In 2012, Alec Foster was a sophomore communications major at New York University with a fledgling public service career, a love of digital diplomacy and the desire to find an outlet for his passion. “I was a follower of new age diplomats that really made public service attractive at the time,” he tells me. “I wanted to defend what I love about the internet, and thought working in national cybersecurity was the best way to do so.”

It was around this time that Foster learned about the Aspire scholarship. The program places 29% of its graduates at the NSA.

Foster eagerly signed up. “When you’re offered full tuition to NYU and a $20,000 stipend, how could you say no? My family was so proud, I didn’t want to let them down or need help paying for college,” he said.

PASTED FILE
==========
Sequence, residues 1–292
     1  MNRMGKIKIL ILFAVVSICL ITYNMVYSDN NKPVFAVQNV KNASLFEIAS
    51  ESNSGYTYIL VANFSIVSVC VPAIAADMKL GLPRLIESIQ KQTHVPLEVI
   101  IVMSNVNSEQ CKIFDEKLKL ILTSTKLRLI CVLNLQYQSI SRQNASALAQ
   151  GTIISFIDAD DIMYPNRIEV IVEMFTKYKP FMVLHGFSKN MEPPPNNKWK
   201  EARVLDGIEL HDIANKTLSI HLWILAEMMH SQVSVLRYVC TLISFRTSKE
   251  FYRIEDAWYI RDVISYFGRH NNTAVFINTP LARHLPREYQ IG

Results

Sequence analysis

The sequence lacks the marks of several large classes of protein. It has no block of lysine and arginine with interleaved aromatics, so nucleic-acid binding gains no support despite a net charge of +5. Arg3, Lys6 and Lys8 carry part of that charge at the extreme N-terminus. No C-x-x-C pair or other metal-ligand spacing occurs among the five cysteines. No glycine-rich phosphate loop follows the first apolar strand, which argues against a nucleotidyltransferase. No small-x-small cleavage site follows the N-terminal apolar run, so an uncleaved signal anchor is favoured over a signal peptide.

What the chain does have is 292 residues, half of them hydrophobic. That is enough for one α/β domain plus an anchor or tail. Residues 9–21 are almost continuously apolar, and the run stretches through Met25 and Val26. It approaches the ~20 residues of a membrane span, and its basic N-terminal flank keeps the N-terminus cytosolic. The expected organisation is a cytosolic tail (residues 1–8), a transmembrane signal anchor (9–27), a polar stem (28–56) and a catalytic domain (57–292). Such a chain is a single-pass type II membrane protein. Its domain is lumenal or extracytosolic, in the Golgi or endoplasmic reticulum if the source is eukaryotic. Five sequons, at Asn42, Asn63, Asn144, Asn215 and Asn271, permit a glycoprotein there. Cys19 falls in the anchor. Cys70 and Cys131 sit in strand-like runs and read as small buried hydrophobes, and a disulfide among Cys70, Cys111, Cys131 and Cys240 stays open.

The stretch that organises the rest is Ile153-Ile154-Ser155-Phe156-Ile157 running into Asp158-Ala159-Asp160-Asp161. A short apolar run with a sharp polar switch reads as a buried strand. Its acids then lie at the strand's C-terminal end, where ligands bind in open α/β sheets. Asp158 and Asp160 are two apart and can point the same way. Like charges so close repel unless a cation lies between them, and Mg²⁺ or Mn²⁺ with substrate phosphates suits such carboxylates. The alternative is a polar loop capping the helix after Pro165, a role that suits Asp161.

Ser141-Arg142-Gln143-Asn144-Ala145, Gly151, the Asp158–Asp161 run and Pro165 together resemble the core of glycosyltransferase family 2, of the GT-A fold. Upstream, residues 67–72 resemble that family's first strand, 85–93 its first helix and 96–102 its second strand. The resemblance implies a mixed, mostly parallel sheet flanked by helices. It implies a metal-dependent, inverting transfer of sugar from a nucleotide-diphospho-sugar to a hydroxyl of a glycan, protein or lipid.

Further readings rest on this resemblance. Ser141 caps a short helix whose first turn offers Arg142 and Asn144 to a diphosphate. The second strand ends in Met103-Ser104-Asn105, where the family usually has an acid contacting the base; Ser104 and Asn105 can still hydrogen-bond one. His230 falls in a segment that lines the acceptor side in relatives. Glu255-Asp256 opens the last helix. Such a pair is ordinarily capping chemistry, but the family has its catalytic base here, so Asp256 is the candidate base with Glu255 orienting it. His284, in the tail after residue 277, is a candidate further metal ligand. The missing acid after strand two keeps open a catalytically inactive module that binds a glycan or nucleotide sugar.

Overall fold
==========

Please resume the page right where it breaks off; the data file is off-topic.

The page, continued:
It quickly became clear to Foster that his fellow students considered the NSA the pinnacle of government cyber-employment opportunities, and that he should too. “When I was at the annual jobs fair, all the participants were vying to jobs at the NSA,” he remembers.

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